LIVING LEGEND

Trends & Culture - January 19th, 2007
Herbie Hancock

An Interview with Herbie Hancock

by Ben Meehan

Born in Chicago in 1940, Herbie Hancock is regarded as one of the true pioneers of modern day music. His contribution to the last five decades of music have been unparalleled, earning him multi-platinum selling records (49 albums to date) and every accolade from his peers, including 10 Grammys and an Oscar for his score for the film Round Midnight. Ben Meehan caught up with him on his recent visit to Tokyo to play a series of charity concerts.

How did you start playing music?
My parents bought me a piano when I was seven years old for my birthday; I started taking lessons three months after that. That was the beginning. Practice a lot? No not really, just about an hour a day. So you grew up a pretty normal kid? Well I had an older brother, and he would take me around with him and his friends, so when they played sports I was smaller than the kids his age so I couldn’t compete, I was like a little mascot! But when we all practiced piano at home, my older brother and sister and I, we were all equal in ability, I was no longer the mascot! So I lost all interest in sports, and was just about the piano after that.

The only thing I could
handle was a ballad… I
couldn’t play anything uptempo
I was too nervous!

What was the first record you ever bought?
I can’t remember! Honestly I have no idea, but I’ll tell you what I do remember buying, it has nothing to do with music, it was the first car I ever bought. In 1963 the very first money I made from music was when my song Watermelon man became a top 10 hit in America. At that time there were over 240 artists who recorded that track, and I got a check from the music rights organization BMI. So I spent the money on a car. It was an AC Cobra, it was a ford engine, but the body was an AC Bristol. It cost me $6,000.

What are you driving now?
Now I drive a Ferrari, but I still have the AC Bristol, I nearly sold it about 10 years after I bought it for $10,000, but I’m glad I didn’t because it’s worth something like $50,000–$75,000 now! So that’s the first thing that I can remember buying with my money.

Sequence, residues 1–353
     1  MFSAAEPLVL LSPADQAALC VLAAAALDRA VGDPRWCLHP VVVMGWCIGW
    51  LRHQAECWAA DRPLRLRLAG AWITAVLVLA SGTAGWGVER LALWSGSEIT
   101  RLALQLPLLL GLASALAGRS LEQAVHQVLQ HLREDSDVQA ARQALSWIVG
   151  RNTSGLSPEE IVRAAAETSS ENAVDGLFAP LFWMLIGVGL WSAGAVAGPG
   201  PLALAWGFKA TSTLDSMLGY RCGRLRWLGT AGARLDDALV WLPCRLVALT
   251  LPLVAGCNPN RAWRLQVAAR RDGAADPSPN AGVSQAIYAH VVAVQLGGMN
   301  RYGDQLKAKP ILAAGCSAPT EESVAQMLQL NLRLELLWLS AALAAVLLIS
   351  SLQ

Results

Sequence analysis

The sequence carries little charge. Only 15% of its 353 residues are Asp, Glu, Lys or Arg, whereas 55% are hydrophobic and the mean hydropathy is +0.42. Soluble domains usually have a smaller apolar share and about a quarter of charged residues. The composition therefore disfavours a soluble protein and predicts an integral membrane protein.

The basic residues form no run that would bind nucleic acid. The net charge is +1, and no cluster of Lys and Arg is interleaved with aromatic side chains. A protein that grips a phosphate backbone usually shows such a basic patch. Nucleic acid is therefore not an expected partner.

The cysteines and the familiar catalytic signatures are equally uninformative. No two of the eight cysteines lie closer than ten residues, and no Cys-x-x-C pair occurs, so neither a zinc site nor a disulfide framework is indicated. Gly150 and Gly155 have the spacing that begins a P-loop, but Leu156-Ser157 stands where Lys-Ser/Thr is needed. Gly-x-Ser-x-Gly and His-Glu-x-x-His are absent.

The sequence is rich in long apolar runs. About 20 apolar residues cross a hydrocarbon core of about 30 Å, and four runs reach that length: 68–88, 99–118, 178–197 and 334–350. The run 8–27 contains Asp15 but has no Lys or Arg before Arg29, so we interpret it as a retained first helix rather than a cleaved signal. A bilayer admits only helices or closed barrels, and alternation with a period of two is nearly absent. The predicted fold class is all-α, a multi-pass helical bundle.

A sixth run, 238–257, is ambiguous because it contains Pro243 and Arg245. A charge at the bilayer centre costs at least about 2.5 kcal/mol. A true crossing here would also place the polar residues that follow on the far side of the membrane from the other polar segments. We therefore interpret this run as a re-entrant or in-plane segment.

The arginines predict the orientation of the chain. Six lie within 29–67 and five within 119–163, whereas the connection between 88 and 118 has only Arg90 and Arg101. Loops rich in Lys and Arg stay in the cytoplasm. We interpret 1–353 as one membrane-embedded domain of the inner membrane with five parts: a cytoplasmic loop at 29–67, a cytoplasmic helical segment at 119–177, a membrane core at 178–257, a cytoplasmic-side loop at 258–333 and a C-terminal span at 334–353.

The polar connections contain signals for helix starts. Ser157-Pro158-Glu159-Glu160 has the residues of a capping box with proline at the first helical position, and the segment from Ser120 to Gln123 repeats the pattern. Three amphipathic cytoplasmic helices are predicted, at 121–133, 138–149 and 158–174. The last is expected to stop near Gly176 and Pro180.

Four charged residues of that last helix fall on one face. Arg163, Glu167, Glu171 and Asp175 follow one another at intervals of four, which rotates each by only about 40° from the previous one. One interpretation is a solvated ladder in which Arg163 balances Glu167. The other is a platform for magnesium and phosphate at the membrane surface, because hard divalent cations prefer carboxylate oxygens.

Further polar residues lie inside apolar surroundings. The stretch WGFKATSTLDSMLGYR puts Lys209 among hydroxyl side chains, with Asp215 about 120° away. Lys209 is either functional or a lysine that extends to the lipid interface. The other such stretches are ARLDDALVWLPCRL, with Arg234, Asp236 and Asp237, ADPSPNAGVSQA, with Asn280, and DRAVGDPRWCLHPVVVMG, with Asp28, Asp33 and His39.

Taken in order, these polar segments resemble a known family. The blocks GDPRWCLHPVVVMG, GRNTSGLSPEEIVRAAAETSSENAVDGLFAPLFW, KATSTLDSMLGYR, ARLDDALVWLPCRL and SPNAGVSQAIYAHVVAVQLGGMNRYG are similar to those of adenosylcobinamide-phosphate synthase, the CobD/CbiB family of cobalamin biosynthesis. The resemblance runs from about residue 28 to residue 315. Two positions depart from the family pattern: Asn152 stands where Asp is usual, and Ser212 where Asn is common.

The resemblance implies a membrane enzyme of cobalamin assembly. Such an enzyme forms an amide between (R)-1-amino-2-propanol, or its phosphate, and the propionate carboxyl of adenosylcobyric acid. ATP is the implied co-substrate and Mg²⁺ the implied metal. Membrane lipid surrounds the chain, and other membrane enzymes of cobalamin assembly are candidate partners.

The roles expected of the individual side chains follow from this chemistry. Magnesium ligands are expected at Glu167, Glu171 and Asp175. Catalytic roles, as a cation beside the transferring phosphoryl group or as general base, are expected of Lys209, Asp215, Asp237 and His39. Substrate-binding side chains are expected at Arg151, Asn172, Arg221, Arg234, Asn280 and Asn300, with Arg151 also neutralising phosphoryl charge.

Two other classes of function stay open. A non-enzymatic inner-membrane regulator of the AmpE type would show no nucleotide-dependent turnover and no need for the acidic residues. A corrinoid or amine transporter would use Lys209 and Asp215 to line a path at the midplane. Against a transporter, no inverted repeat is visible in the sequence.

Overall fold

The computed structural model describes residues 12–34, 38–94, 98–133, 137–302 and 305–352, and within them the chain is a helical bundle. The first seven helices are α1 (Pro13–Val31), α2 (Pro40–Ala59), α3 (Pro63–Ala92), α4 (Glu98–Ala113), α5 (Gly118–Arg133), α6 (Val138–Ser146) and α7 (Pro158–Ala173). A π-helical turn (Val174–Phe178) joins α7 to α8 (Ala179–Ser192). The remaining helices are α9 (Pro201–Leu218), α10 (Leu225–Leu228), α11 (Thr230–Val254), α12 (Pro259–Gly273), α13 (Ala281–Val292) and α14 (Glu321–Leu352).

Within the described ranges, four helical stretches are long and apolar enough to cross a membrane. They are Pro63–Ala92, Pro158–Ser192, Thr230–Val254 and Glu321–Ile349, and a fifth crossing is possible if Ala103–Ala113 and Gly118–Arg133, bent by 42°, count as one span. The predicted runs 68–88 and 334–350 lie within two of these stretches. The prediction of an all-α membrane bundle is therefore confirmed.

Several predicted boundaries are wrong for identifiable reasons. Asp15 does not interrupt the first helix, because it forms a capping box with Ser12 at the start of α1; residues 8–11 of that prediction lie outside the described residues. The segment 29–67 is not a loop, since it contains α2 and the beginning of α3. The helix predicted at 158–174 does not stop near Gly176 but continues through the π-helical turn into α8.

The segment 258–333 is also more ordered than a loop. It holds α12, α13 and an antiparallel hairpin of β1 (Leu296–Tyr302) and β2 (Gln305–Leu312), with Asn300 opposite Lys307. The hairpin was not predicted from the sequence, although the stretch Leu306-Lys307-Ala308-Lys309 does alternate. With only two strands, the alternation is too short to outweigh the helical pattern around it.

You mentioned your song Watermelon man (Taking off 1963), right after that record you went into a period which undoubtedly was one of the highlights of your career, playing with Miles Davis. What was it like to play with him and what was it like when you met him for the first time?
The first time I met Miles was in 1962 not long after I moved to New York. I was 20 years old. I was introduced by the guy who, in a sense, discovered me, a trumpeter named Donald Byrd. I was his roommate and he was really like an older brother to me. Anyway he took me over to Miles’s place one day, and Miles said to me: ‘play something’ (said in his husky voice), so I was so scared… The only thing I could handle was a ballad… you know I couldn’t play anything up-tempo I was too nervous! So I think I played ‘My funny valentine’ or something like that and Miles said, ‘nice touch’. I was thrilled that Miles Davis had actually given me a compliment. So that was the first time, the next time after that I was kind of auditioning to join his group a few years later, and in fact I was hired and went on to play with him for five years.

What do you feel you learned over those five years?
Miles was the best person to be with, in a sense the best person to study with, because he was a real master teacher, he didn’t teach by telling you what to play or what the answers were, he taught sometimes by just telling you about stories and relationships he had with other musicians like Gillespie or Parker and the early pioneers of modern jazz. These stories gave you an insight on the heartbeat or life of the music. He also taught with just his playing, because what he did was pull it all together, I remember realizing what he was doing one night when I was building something up in a song and so were the other members (bassist and drummer) and it sounded like three separate things, but when he played it just incorporated what all the other musicians were playing and wove it all together like musical material, one coordinated sound, and suddenly it hit us like wow—we knew what we were playing. I think that was one of the  great characteristics of genius that he had that the average listener wouldn’t know, you only know this if you have played with Miles.

After playing with Miles you did the ‘Headhunters’(1973), probably the most progressive Jazz group of the 70s, it was the first Jazz album to ever go platinum, what made this group so new and progressive for that time?